The Government plans to table the Development of Enterprise and Service Hubs (DESH) Bill during the upcoming monsoon session of the Parliament.


  • It will overhaul the existing Special Economic Zone law of 2005, aims to revive interest in SEZs and develop more inclusive economic hubs.
  • SEZs will be revamped and renamed as Development hubs and will be free from a number of the laws that currently restrict them. These hubs will facilitate both export-oriented and domestic investment, playing the dual role of domestic tariff area and SEZ.
  • The government may impose an equalization levy on goods or services supplied to the domestic market to bring taxes at par with those provided by units outside.
  • WTO’s dispute settlement panel has ruled that India’s export-related schemes, including the SEZ Scheme, were inconsistent with WTO rules since they directly linked tax benefits to exports.
  • Countries are not allowed to directly subsidize exports as it can distort market prices.
  • SEZ started declining after the introduction of minimum alternate tax and a sunset clause to remove tax sops.
  • SEZ units used to enjoy 100% income tax exemption on export income for the first five years, 50% for the next five years, and 50% of the ploughed back export profit for another five years.

DESH Legislation Significant

  • Beyond promoting exports it has a much wider objective of boosting domestic manufacturing and job creation through ‘development hubs’.
  • These hubs will no longer be required to be net foreign exchange positive cumulatively in five years (i.e, export more than they import) as mandated in the SEZ regime, and will be allowed to sell in the domestic area more easily.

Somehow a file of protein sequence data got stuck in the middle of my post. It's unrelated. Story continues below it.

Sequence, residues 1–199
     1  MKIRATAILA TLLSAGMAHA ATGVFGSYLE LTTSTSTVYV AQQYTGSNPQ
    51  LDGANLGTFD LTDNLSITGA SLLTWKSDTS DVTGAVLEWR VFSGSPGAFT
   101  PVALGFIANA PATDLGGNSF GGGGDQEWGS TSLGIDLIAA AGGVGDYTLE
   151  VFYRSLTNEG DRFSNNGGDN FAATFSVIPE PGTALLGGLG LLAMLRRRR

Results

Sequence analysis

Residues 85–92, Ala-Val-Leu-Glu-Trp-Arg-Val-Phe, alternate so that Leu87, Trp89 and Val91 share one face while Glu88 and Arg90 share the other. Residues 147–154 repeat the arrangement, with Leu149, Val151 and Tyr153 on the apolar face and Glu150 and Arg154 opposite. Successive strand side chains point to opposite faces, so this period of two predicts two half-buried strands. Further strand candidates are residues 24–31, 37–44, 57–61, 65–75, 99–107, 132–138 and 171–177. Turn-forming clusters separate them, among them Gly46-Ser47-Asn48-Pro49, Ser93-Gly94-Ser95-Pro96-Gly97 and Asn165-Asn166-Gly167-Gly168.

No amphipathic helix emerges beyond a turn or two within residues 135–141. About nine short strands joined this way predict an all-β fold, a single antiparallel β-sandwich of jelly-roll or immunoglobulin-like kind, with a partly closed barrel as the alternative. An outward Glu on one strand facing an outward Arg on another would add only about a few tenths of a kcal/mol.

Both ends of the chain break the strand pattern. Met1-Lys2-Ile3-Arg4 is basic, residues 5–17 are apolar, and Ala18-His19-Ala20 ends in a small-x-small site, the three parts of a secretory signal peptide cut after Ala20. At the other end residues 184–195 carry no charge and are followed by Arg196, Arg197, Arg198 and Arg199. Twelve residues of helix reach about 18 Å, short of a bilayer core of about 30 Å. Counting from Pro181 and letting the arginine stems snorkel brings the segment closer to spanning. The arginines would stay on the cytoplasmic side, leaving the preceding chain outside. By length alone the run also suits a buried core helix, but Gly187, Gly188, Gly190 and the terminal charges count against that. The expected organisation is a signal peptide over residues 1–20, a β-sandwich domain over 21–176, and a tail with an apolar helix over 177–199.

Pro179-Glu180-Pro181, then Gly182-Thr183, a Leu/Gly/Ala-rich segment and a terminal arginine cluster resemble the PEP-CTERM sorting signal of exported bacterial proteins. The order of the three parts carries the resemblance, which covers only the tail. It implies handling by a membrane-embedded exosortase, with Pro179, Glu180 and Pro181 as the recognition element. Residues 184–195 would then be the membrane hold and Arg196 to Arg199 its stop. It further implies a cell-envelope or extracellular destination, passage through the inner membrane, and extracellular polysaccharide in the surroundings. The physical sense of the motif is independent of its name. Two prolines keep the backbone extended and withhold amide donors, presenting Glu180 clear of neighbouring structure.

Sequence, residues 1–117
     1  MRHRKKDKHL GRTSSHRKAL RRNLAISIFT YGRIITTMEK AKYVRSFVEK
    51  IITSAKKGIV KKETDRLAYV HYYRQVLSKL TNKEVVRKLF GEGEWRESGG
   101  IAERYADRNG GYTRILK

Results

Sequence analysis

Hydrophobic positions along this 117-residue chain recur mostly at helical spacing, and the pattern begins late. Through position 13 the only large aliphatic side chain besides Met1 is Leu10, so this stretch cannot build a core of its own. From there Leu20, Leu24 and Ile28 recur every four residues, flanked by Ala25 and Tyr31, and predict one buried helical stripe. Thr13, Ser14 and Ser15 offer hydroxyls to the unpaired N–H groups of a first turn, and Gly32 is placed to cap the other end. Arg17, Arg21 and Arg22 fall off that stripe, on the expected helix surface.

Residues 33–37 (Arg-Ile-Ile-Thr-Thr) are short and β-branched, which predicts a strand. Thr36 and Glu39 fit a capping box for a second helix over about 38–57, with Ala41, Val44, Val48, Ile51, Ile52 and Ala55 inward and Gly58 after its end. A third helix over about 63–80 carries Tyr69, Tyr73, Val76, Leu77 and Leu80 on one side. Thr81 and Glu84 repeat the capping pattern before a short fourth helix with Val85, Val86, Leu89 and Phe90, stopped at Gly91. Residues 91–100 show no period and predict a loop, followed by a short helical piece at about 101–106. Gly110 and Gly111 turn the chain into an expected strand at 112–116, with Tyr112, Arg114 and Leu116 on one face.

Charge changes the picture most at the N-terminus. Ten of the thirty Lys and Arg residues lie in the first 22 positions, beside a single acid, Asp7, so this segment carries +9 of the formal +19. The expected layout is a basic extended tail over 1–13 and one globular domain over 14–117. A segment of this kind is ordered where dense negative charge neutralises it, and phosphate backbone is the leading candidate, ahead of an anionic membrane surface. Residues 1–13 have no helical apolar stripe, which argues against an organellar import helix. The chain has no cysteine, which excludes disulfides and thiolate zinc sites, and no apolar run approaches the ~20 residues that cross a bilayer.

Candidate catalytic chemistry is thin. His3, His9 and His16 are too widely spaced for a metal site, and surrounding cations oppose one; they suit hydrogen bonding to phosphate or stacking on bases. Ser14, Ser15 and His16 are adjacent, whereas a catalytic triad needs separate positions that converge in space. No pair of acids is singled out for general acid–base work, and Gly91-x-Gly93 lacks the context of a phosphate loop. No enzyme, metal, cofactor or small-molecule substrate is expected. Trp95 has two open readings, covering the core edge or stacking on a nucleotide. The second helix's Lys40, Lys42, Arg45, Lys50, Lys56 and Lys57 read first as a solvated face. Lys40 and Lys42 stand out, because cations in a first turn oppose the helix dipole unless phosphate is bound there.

• The hubs will, therefore, be WTO-compliant.
  • DESH legislation provides for an online single-window portal for the grant of time-bound approvals for establishing and operating the hubs.
  • Companies can sell in the domestic market with duties only to be paid on the imported inputs and raw materials instead of the final product.
  • In the current SEZ regime, duty is paid on the final product when a product is sold in the domestic market. Besides, there is no mandatory payment requirement in forex, unlike in the case of SEZs.
  • State boards would be set up to oversee the functioning of the hubs. They would have the powers to approve imports or procurement of goods and monitor the utilization of goods or services, warehousing, and trading in the development hub.
  • In the SEZ regime, most decisions were made by the commerce department at the Centre. Now, states will be able to participate and even directly send recommendations for development hubs to a central board for approval. 


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